The second line, also known as the support Trench, was the second line of defense and was usually located several hundred yards behind the front-line trench. The third line was the reserve trench, usually located several hundred yards behind the support trench. This trench contained reserve troops ready for deployment to the front line trench on very short notice in case of an emergency.

Finally, all three parallel trenches were interconnected by the fourth trench known as the communication trench. This trench was also very important as it was used for troop movement, communication, and bringing in fresh supplies.

3. Diseases were Rampant in the Trenches


Medical officer Inspecting Soldiers feet – Photo Source: Wikimedia

The threat of diseases in the trenches was as real as the threat of enemy fire. Soldiers living in the trenches were in constant danger of contracting various infectious ailments such as dysentery, cholera, typhus, typhoid fever, and many others.

This was due to poor hygiene among the soldiers, unsanitary living conditions, and lack of clean water which made trenches a perfect breeding ground for these highly contagious diseases. Infestation of rats and lice in the trenches also contributed to the spread of other dangerous diseases among the soldiers.

Furthermore, prolonged exposure to wet and cold conditions in the trenches also caused deadly trench foot and trench fever diseases which were the most rampant on the western front.  Although there is no official figure of how many soldiers died from these diseases on both fronts, the number is estimated to be as high as 100,000 fatalities.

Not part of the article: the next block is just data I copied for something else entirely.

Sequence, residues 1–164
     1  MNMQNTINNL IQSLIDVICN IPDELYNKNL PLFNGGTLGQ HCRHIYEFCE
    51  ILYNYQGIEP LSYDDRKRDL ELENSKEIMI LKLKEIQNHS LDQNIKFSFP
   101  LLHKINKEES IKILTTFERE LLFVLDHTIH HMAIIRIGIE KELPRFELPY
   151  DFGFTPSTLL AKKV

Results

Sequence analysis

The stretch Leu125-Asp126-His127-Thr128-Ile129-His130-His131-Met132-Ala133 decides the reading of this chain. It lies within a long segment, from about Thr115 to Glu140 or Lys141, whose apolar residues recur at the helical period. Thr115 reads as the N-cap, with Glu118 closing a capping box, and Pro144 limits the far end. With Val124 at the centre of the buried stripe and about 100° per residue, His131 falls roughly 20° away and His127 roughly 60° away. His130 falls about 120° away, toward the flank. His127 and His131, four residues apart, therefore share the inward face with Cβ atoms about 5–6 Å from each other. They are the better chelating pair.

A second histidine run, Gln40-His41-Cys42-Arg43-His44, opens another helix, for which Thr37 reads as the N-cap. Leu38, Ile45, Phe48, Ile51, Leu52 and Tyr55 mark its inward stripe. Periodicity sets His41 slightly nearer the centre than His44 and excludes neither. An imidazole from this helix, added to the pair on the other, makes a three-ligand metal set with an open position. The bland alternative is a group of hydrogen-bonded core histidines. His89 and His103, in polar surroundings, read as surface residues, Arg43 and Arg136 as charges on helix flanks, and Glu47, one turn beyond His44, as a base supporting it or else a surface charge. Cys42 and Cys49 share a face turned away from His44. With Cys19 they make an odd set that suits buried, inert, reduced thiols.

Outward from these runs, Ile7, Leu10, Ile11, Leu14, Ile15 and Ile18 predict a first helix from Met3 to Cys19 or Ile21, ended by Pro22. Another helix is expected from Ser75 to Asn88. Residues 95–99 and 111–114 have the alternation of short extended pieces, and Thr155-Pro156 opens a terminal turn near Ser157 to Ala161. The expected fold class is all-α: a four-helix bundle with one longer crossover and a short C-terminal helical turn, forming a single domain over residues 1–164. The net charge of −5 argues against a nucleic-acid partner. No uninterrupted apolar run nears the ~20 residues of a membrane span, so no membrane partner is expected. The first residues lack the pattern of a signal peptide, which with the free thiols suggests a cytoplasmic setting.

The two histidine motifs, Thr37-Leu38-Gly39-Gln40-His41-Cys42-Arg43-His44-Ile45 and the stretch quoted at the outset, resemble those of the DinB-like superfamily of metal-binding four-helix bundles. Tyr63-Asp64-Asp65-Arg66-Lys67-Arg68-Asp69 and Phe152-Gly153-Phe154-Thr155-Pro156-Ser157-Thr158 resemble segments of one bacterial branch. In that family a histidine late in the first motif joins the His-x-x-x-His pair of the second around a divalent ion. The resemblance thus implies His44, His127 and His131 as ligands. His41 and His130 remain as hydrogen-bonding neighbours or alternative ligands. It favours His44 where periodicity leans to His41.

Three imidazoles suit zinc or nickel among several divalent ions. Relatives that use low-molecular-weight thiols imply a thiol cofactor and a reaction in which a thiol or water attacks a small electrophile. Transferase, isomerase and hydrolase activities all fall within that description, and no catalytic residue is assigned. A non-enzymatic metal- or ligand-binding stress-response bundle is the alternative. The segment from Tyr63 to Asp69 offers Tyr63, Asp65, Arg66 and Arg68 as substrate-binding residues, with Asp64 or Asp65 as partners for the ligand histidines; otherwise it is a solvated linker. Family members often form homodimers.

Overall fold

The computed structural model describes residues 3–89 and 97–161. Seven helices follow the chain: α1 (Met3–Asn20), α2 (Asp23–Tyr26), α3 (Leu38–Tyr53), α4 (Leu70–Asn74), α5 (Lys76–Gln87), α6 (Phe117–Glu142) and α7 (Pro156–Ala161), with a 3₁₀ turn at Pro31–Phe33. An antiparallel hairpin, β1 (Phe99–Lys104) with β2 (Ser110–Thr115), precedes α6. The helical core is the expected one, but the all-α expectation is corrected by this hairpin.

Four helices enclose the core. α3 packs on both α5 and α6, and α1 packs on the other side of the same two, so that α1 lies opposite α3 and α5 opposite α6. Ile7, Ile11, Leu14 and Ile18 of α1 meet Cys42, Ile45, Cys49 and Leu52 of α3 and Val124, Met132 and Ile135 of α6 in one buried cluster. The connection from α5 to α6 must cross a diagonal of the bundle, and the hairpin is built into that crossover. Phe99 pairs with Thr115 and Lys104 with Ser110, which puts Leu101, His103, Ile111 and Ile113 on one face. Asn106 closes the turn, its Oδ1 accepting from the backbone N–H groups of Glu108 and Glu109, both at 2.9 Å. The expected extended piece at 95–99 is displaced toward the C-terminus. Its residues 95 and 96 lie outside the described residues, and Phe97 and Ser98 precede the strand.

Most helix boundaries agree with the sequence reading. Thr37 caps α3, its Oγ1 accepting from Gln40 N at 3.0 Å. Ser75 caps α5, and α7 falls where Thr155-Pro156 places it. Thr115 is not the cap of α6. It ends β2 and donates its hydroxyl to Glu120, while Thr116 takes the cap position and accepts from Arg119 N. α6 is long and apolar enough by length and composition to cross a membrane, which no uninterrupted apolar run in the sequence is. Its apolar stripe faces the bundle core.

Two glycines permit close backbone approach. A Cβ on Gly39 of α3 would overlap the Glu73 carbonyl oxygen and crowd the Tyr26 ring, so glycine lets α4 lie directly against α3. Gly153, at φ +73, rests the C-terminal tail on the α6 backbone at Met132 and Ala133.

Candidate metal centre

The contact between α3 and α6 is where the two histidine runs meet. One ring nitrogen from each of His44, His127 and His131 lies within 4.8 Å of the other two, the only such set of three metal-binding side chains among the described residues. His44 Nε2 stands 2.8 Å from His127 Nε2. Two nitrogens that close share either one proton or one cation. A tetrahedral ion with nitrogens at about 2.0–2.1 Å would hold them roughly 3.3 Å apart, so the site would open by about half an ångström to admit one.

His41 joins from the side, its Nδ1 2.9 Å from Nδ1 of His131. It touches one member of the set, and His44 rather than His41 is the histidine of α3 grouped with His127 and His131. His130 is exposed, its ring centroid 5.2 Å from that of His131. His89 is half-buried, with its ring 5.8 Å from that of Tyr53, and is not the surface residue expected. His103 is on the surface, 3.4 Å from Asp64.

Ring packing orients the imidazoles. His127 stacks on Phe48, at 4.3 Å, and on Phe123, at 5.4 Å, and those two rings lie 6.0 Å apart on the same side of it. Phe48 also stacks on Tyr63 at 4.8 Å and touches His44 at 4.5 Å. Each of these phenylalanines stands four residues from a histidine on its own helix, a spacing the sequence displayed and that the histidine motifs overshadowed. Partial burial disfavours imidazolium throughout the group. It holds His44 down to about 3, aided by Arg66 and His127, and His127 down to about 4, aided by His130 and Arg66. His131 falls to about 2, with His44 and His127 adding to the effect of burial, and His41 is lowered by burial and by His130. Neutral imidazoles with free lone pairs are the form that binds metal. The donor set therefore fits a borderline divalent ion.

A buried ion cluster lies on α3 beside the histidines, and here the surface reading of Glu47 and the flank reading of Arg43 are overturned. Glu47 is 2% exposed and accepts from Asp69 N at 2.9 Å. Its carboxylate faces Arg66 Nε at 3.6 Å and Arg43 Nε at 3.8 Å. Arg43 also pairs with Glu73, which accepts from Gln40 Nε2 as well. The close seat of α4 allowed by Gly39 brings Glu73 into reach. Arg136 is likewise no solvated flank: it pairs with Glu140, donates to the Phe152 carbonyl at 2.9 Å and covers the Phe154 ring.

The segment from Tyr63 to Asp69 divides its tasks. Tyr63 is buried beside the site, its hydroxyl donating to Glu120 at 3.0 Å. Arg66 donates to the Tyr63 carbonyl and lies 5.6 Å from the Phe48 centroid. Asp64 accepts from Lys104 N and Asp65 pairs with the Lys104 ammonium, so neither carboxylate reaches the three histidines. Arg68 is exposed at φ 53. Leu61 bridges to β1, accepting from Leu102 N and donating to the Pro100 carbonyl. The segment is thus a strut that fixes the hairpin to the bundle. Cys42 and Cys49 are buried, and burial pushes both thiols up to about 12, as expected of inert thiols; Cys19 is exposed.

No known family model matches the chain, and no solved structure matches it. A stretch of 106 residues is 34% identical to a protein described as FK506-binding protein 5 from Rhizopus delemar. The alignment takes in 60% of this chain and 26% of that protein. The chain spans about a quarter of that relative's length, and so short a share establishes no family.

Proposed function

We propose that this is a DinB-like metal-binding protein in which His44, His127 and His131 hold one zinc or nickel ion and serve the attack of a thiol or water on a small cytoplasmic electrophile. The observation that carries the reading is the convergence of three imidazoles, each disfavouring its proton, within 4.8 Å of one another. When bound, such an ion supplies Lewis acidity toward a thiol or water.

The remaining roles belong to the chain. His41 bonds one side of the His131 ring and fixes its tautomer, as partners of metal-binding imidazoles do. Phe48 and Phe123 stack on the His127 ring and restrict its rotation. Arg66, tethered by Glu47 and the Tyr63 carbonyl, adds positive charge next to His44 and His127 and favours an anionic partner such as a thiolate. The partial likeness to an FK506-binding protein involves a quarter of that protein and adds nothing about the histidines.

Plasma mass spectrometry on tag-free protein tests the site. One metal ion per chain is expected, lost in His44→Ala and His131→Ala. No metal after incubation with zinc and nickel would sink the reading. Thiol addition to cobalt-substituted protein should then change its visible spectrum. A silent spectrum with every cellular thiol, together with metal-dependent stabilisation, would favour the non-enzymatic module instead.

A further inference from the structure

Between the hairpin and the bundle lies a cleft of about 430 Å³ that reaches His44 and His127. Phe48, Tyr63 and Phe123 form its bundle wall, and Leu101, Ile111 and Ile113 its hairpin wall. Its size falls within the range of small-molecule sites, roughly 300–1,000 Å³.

4. Rats made life in Trenches unbearable

For the soldiers fighting in the Trenches during World War 1, nothing made their life unbearable more than millions of rats who had also made the trenches their home. They were attracted to the trenches by the abundance of food, poor hygienic conditions, and sheltered environment.

Reproducing faster than they could be controlled, rats quickly became part of soldier’s life in the trenches, creating menace and eating almost everything could find including uneaten rations and dead corpses. These rats grew so bold that they would sometimes crawl over sleeping soldiers and steal food from their pockets.

Rats were also responsible for the spread of dangerous diseases which made some soldiers more afraid of them than any other horror found in the trenches. However, some soldiers still partook in rat hunts as a form of entertainment while others would even keep them as pets.